I also am using “Babylon Revisited” by F. Scott Fitzgerald in my unit plan. “Babylon Revisited” would be an excellent mini source for the unit plan because it incorporates single family homes and parents loosing their children due to unforeseen circumstances as well as social class issues. In “Babylon Revisited” the reasoning for the single parent home is because of drinking and fitting in. In this story we meet a father, Charlie who has just traveled back to Paris to visit his daughter and try to bring her back to America. Charlie’s daughter, Honoria has been taken away from Charlie because of his serious drinking problem and his partying. Honoria has also lost her mother and is residing in Paris with her Aunt and Uncle. In order for Charlie to get his daughter back in his custody he has to prove that he has enough money to “properly” take care of her, stop drinking completely and already have established a home for her back in the States. This story really fits with the overall themes of “Emma” because of the urgency to fix a personal characteristic in order to become a better person. Both Emma and Charlie share a lot of similar personality traits and both need to rediscover themselves in order to better the people around them.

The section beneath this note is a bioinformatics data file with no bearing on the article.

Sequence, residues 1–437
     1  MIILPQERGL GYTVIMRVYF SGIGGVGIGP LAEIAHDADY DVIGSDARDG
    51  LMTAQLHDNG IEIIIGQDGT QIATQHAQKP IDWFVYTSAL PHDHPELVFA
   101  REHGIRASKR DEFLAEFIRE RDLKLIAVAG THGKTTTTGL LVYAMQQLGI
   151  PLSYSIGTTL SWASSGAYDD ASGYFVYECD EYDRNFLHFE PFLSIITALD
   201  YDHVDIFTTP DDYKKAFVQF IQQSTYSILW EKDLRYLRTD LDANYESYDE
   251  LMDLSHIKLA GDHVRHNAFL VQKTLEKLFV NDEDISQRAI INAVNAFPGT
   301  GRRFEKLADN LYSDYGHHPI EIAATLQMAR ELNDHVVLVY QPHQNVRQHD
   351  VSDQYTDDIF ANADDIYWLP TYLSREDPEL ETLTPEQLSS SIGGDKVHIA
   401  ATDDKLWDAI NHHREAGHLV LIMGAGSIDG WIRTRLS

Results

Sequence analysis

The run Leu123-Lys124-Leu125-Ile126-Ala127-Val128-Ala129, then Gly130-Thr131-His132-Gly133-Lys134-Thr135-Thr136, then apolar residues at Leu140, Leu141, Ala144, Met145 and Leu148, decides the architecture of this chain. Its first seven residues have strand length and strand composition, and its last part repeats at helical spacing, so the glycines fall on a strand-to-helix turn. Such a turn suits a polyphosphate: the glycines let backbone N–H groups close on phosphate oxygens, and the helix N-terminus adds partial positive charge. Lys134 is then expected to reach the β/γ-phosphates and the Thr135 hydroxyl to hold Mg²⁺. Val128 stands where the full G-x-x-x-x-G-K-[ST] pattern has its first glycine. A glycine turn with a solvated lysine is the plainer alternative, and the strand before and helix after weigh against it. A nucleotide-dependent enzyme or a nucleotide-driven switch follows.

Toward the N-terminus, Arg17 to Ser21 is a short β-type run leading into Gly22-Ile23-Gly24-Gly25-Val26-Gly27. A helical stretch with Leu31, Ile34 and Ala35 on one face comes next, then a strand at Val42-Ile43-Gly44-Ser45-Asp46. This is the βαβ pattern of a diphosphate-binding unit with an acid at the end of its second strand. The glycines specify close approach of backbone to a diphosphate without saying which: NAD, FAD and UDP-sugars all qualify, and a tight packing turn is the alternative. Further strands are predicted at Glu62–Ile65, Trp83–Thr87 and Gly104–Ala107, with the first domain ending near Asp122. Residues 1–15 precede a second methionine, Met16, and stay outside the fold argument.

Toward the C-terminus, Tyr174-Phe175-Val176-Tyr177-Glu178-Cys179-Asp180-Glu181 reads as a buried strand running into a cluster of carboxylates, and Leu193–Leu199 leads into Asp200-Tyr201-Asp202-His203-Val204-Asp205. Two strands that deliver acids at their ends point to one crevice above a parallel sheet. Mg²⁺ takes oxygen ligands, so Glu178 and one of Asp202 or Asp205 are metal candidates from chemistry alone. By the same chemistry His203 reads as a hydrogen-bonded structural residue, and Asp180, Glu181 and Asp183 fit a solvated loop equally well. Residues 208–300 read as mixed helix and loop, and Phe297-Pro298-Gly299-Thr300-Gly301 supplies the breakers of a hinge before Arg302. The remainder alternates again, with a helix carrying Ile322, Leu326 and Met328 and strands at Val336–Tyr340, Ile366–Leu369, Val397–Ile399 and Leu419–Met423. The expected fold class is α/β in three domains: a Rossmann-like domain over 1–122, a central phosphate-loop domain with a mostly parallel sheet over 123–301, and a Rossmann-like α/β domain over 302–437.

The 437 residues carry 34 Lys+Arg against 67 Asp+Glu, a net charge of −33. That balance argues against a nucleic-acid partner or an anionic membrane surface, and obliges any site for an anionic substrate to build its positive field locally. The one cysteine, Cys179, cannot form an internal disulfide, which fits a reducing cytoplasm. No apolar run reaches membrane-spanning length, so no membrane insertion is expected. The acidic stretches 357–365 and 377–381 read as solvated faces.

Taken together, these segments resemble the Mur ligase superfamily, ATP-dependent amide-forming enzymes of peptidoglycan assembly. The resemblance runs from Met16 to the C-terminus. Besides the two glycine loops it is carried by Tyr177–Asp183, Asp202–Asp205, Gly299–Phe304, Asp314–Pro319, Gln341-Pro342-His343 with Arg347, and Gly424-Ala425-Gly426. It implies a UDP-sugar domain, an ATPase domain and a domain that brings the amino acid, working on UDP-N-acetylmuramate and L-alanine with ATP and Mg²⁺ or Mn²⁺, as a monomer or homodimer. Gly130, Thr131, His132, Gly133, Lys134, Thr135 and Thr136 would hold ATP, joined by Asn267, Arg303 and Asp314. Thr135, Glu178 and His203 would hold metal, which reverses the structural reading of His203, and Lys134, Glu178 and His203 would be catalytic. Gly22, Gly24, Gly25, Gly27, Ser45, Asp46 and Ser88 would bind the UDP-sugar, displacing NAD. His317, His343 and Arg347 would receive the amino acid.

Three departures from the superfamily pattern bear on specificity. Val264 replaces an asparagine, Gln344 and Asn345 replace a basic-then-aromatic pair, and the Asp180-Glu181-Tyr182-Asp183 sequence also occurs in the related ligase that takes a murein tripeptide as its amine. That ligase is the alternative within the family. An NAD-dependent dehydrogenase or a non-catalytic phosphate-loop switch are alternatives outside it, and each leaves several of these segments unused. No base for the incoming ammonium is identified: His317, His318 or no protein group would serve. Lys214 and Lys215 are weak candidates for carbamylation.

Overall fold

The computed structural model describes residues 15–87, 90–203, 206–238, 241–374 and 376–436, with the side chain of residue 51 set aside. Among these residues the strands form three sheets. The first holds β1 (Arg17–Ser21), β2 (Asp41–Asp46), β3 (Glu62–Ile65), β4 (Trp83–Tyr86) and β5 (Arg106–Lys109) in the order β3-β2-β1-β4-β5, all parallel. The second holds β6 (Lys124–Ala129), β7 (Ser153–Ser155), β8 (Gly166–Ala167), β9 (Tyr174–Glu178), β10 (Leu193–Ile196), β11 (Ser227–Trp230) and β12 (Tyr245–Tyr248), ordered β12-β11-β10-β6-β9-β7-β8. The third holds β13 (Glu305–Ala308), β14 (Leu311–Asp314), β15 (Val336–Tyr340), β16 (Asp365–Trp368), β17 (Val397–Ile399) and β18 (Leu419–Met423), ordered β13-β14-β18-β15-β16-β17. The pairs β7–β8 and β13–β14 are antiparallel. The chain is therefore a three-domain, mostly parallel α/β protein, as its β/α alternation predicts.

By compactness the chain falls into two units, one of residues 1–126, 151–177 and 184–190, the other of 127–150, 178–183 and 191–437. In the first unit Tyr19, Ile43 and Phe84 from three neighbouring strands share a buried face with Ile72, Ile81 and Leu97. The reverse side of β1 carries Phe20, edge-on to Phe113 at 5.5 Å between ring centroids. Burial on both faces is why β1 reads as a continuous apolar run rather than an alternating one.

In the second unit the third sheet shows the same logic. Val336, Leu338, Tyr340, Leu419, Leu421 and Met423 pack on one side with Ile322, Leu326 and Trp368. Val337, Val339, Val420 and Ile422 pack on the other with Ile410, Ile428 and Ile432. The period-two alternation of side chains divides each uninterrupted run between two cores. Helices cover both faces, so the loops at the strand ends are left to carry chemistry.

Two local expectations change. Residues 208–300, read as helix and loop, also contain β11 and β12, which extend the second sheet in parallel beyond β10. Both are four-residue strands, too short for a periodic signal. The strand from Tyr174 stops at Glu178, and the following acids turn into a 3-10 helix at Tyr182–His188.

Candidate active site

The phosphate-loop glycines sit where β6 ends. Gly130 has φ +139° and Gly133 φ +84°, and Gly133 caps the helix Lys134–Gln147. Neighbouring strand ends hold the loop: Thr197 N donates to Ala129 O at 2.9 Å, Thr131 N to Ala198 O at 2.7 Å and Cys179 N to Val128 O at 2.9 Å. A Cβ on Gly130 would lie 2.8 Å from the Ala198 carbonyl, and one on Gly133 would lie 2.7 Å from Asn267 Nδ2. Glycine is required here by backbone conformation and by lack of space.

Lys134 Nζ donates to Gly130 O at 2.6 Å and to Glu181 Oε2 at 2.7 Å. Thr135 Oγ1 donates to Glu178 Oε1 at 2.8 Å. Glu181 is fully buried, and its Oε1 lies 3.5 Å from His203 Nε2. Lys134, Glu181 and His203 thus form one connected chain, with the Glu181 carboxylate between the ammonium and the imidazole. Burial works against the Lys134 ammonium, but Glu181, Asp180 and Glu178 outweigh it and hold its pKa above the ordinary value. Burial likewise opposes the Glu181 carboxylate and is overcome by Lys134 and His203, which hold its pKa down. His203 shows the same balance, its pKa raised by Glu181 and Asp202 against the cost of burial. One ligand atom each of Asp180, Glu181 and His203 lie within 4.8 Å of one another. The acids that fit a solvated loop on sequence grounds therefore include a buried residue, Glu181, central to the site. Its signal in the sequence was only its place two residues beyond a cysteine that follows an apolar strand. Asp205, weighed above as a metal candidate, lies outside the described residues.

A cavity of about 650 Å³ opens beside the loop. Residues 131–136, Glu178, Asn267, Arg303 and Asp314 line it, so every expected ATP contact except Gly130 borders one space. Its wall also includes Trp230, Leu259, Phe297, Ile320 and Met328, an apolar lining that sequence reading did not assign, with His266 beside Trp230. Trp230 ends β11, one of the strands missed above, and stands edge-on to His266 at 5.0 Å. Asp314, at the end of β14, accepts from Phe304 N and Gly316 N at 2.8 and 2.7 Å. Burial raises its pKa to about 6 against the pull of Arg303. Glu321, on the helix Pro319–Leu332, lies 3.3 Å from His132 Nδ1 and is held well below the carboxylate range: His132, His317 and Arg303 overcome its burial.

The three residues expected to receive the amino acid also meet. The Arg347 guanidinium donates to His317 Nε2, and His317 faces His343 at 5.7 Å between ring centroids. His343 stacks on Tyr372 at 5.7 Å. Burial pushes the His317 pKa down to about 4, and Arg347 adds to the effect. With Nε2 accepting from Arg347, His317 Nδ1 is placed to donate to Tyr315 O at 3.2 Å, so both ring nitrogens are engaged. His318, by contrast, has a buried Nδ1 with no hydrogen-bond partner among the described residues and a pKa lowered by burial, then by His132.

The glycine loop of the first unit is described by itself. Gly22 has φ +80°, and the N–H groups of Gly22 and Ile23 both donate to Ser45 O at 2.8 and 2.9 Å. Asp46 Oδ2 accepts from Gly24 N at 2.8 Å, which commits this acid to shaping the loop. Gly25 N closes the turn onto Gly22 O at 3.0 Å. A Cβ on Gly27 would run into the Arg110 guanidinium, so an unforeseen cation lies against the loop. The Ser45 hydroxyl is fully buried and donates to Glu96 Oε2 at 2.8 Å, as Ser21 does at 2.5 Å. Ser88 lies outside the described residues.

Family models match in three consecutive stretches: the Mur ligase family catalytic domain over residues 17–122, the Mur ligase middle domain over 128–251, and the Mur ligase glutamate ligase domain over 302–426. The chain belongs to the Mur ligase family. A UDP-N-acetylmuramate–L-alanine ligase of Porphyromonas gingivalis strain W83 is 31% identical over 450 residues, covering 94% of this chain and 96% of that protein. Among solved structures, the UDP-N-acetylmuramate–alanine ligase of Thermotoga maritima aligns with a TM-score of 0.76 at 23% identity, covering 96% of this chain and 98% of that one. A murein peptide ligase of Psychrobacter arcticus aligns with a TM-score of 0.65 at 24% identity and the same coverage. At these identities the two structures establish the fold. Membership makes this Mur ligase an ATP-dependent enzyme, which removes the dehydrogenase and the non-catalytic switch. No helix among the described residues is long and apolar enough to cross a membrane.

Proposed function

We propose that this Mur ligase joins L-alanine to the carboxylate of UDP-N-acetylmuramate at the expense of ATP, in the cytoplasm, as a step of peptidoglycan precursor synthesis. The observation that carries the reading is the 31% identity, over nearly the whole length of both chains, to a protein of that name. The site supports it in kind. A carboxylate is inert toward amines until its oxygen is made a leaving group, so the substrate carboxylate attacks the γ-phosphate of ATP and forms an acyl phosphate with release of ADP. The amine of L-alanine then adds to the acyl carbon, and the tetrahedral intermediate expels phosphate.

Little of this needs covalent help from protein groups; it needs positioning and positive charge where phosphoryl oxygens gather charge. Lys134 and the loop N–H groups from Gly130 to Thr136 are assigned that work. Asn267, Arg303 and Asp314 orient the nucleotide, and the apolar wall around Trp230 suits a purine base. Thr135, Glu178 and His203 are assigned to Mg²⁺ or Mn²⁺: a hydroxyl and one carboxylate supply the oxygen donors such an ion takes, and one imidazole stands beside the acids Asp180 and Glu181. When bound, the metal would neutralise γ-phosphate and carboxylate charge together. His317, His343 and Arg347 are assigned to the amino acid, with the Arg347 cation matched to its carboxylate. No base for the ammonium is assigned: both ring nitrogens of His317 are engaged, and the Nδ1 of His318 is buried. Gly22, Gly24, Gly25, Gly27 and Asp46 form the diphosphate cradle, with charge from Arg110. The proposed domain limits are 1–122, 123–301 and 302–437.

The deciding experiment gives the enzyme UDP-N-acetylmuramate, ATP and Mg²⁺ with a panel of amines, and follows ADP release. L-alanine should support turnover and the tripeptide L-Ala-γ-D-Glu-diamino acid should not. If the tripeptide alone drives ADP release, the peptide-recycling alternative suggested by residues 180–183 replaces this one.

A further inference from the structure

“Prozac Nation” will be a terrific read for many students because it shows the diligence and obstacles that are necessary to overcome this illness. It also in fact goes very in-depth of how adolescents manage to deal with separating parents and the day to day troubles that happen in a public school. Another reason for this being a terrific read for some high school students is because it teaches bullies how it feels to be constantly put down; it also provides another choice other than committing suicide but using medication to help. The reasoning for choosing “Prozac Nation” for a classroom read is that students will start changing their opinion on how they treat others.